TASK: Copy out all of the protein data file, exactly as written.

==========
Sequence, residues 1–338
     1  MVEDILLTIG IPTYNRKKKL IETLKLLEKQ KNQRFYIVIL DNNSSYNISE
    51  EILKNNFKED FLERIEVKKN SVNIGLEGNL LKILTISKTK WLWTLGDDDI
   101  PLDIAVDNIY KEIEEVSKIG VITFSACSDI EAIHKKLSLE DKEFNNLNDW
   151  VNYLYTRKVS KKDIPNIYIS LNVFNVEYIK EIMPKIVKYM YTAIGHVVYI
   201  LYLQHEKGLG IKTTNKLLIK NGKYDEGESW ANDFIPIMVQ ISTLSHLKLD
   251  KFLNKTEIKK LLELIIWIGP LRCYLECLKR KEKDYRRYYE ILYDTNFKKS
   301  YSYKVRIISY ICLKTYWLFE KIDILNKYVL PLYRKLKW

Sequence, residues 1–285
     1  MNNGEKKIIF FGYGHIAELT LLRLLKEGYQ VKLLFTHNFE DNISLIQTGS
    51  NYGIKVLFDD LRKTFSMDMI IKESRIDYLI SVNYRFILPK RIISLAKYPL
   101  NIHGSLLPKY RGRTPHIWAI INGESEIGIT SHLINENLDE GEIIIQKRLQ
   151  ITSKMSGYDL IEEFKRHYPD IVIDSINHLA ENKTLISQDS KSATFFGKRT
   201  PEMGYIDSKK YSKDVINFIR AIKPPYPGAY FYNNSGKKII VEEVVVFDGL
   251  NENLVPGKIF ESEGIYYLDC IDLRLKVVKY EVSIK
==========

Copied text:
Sequence, residues 1–338
     1  MVEDILLTIG IPTYNRKKKL IETLKLLEKQ KNQRFYIVIL DNNSSYNISE
    51  EILKNNFKED FLERIEVKKN SVNIGLEGNL LKILTISKTK WLWTLGDDDI
   101  PLDIAVDNIY KEIEEVSKIG VITFSACSDI EAIHKKLSLE DKEFNNLNDW
   151  VNYLYTRKVS KKDIPNIYIS LNVFNVEYIK EIMPKIVKYM YTAIGHVVYI
   201  LYLQHEKGLG IKTTNKLLIK NGKYDEGESW ANDFIPIMVQ ISTLSHLKLD
   251  KFLNKTEIKK LLELIIWIGP LRCYLECLKR KEKDYRRYYE ILYDTNFKKS
   301  YSYKVRIISY ICLKTYWLFE KIDILNKYVL PLYRKLKW

Sequence, residues 1–285
     1  MNNGEKKIIF FGYGHIAELT LLRLLKEGYQ VKLLFTHNFE DNISLIQTGS
    51  NYGIKVLFDD LRKTFSMDMI IKESRIDYLI SVNYRFILPK RIISLAKYPL
   101  NIHGSLLPKY RGRTPHIWAI INGESEIGIT SHLINENLDE GEIIIQKRLQ
   151  ITSKMSGYDL IEEFKRHYPD IVIDSINHLA ENKTLISQDS KSATFFGKRT
   201  PEMGYIDSKK YSKDVINFIR AIKPPYPGAY FYNNSGKKII VEEVVVFDGL
   251  NENLVPGKIF ESEGIYYLDC IDLRLKVVKY EVSIK